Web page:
“The OIG will continue to conduct comprehensive investigations and forensic audits based upon receipt of actionable complaints into allegations of waste, fraud, abuse and financial mismanagement, and track recommendations for completion and resolution,” she said.
In addition, the district’s finance department has implemented a new procurement policy, Wilson said. It requires additional signatures from network leaders who are assigned to a group of schools to help oversee operations and academics; sending all invoices from vendors to accounts payable first, rather going directly to the schools or departments; and reviews by the Financial Review Commission of all district expenditures.
DPS in July became formally known as the Detroit Public Schools Community District, a new school system created by the state Legislature as part of a $617 million package to rescue the debt-laden district.
Prime areas for fraud
Peter J. Henning, Wayne State University law professor, said smaller contracts made the district’s environment conducive to theft.
“I wish there was a foolproof method for preventing fraud, but this is one of the prime areas for stealing from the government because the contracts and payments tend to be smaller and there are so many that it’s hard to track,” he said.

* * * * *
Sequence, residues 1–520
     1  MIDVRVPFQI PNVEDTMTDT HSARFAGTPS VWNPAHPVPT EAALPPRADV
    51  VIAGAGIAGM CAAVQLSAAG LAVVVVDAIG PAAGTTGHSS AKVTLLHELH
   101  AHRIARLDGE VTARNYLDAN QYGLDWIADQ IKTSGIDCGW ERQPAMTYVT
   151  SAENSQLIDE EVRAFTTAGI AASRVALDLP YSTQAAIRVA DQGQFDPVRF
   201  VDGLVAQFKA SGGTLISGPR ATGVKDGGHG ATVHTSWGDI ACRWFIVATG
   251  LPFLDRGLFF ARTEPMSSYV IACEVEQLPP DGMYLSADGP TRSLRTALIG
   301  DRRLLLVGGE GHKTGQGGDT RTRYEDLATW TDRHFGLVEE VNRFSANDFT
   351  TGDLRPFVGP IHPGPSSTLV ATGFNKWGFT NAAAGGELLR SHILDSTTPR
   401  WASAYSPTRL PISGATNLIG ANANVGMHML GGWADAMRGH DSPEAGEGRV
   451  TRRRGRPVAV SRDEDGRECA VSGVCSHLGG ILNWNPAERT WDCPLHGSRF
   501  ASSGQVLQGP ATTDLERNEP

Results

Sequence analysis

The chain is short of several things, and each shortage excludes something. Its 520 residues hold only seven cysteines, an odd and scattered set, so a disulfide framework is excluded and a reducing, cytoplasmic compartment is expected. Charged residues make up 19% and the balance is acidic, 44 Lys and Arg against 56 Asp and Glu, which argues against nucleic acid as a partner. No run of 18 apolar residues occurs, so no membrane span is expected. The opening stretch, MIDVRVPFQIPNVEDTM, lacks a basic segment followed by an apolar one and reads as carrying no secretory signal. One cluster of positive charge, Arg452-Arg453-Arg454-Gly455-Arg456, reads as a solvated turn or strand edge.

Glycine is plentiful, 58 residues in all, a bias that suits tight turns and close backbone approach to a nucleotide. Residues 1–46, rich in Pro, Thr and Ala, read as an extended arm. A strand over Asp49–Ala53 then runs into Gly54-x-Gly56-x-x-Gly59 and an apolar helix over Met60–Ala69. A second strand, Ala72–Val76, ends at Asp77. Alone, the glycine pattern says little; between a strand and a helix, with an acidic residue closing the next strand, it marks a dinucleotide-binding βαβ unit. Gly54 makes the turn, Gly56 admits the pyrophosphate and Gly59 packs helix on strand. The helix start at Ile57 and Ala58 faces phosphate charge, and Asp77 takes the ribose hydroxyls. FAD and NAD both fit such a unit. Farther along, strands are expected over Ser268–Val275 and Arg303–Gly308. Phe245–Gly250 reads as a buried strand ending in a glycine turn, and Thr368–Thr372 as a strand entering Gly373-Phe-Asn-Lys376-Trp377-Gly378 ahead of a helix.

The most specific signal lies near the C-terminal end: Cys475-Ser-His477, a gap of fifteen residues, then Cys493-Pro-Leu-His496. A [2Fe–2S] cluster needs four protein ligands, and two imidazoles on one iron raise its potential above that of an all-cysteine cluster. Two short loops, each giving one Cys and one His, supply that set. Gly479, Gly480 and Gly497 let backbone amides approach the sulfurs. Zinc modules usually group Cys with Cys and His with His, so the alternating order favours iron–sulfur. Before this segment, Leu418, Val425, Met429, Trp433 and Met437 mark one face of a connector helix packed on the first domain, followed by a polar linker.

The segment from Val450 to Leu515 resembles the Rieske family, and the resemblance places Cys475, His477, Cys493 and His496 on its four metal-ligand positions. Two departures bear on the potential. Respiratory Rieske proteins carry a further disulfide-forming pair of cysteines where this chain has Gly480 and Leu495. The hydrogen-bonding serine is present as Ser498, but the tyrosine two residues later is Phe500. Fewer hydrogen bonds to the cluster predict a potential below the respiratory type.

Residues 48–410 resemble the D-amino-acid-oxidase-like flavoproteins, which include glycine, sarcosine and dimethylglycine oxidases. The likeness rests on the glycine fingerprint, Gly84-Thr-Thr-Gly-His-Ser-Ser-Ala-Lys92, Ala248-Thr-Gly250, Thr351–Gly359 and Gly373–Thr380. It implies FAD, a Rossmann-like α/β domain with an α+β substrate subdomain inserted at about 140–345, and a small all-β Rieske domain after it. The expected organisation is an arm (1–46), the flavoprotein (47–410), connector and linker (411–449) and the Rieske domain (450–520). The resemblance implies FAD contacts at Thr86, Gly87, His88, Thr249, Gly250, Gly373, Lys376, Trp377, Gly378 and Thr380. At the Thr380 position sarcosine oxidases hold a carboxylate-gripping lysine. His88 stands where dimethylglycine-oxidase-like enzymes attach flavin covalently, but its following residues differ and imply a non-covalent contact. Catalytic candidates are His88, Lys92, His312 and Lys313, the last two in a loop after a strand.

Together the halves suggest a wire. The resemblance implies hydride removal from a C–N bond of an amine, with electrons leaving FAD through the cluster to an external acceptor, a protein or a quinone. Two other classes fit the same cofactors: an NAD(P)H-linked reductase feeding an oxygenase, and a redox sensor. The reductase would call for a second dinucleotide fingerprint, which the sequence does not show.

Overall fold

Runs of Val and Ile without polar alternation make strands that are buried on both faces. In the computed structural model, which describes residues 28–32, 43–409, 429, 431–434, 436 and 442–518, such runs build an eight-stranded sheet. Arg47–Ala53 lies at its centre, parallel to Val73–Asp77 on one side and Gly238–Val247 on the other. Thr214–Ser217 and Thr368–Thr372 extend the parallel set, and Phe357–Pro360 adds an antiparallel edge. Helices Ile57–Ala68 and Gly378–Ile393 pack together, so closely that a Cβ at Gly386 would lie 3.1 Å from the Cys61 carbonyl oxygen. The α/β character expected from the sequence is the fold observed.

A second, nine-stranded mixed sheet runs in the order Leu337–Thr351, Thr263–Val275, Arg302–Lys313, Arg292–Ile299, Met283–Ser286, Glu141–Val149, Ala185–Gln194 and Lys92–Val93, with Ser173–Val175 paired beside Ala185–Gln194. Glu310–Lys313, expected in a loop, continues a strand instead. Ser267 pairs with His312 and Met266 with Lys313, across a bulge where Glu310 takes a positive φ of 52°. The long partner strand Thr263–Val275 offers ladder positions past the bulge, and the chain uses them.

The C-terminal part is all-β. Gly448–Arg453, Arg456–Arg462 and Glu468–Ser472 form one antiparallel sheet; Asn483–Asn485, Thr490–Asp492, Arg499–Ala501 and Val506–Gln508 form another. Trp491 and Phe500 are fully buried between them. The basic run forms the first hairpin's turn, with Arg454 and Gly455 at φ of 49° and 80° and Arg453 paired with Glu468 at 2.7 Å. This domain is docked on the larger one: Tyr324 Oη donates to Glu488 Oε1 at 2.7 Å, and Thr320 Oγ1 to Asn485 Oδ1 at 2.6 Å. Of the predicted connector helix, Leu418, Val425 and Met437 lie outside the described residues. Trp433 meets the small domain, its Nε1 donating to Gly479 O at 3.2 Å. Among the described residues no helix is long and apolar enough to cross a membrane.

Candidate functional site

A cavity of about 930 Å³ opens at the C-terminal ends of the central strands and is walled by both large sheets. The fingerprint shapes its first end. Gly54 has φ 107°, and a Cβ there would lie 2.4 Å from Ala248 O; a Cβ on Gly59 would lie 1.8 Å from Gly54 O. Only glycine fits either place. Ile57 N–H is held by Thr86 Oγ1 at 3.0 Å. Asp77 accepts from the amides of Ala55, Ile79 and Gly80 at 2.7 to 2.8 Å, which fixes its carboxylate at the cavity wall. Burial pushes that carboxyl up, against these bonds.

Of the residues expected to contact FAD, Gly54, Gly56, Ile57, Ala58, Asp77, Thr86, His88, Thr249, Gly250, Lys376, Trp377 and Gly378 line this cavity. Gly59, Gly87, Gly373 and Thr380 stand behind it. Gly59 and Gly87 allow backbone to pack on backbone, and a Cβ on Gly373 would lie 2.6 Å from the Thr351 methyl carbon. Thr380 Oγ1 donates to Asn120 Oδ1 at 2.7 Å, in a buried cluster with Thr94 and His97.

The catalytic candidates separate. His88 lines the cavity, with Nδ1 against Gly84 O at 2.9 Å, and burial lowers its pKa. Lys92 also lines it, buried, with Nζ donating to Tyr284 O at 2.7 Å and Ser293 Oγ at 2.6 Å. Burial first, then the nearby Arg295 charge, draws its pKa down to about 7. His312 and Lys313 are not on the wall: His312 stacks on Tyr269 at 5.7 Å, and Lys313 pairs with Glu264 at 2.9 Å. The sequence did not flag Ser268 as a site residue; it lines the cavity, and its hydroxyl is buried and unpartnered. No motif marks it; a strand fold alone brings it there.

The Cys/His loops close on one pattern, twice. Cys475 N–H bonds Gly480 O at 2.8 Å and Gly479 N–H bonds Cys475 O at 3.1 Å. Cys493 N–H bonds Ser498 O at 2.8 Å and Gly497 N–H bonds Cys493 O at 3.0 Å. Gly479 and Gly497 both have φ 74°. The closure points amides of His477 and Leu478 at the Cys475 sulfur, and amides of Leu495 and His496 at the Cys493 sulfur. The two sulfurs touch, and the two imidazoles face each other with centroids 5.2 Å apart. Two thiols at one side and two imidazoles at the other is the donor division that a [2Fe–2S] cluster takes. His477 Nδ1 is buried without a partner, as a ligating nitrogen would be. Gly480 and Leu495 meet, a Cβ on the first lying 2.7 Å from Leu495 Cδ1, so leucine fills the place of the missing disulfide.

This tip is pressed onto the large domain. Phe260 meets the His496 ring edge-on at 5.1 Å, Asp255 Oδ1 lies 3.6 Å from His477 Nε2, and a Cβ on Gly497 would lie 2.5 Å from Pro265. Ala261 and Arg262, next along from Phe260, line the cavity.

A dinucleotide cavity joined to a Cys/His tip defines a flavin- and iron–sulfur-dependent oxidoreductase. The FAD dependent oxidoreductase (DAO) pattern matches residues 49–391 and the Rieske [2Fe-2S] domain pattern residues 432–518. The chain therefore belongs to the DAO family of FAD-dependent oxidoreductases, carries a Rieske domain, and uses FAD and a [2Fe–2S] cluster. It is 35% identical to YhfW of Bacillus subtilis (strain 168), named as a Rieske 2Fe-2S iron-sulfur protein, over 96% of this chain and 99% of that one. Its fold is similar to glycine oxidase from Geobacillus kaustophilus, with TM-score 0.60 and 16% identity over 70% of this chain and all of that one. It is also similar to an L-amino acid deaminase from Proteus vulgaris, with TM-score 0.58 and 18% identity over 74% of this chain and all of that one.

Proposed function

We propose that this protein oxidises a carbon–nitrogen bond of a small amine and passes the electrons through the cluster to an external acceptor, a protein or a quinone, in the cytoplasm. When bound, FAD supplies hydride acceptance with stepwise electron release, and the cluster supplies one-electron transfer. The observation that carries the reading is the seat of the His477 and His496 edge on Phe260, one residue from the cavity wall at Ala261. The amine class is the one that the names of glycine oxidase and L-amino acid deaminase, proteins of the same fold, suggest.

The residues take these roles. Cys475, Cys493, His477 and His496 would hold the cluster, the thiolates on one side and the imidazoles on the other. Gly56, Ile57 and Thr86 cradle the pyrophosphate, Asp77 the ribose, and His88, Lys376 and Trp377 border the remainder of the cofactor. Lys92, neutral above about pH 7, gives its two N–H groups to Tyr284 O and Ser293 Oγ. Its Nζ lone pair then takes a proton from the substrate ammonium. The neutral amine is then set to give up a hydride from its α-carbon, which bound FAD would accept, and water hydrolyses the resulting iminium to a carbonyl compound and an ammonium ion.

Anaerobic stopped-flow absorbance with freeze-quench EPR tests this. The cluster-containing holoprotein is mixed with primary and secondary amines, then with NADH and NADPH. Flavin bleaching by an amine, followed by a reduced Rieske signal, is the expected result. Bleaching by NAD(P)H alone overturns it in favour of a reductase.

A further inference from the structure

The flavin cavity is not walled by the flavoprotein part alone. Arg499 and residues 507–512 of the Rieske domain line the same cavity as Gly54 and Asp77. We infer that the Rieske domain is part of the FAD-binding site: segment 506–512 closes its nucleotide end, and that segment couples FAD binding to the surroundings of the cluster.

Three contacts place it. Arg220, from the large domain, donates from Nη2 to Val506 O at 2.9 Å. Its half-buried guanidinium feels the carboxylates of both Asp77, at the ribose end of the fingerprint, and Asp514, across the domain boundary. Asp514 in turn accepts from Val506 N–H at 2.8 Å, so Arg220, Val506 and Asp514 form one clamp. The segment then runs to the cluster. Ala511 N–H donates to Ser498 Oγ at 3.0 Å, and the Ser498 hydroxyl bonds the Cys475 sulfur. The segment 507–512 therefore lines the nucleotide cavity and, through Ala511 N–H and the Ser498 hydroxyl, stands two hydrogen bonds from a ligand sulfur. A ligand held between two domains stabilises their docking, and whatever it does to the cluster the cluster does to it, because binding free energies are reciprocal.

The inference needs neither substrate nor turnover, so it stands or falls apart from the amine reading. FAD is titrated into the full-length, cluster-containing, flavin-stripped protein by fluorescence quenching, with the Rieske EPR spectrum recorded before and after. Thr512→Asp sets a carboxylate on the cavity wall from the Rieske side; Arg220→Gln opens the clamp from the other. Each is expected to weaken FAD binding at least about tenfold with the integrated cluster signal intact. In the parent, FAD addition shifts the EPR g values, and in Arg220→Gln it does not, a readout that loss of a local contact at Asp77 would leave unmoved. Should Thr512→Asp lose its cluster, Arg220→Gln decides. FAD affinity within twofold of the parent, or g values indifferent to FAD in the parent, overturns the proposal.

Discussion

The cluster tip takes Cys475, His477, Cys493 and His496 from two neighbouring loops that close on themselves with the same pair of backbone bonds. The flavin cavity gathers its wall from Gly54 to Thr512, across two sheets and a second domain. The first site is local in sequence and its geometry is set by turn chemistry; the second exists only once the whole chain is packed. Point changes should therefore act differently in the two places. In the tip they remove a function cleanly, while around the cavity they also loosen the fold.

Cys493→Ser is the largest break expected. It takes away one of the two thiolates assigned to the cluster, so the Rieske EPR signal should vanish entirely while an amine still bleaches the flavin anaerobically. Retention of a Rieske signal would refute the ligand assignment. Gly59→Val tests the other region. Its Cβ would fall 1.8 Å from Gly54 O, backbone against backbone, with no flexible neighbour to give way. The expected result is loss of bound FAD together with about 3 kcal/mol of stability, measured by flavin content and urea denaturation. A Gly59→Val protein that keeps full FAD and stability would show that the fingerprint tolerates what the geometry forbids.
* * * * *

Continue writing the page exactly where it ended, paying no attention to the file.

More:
“Still, having a ‘cop on the beat’ looking at the payments and supplies can help bring vendors into line,” he said.
David Martell, executive director of the Michigan School Business Officials, said each Michigan school district has undergone its annual audit or is preparing for one with a CPA firm before the new school year begins.
“Part of the process is reviewing internal controls, what’s in place where you look and see what ability someone might have to commit fraud and to have the ability to do something. They look at whether financial statements are correct or not. There are many ways a district is able to circumvent fraud,” Martell said.
But when two people are working together to commit fraud or steal money, as was the case at DPS, it’s not as easy to detect, Martell said.
“When there is collusion going on like in Detroit, someone in a higher level and someone at a lower level, there is always a piece where people don’t feel like they are being paid enough,” he said.
Inspector general ‘vital’
Louis Gabel, a litigator and investigator at Jones Day and a former federal prosecutor in Detroit, noted that federal monitors can be put in place after public corruption investigations to ensure that any perceived problems are being rectified.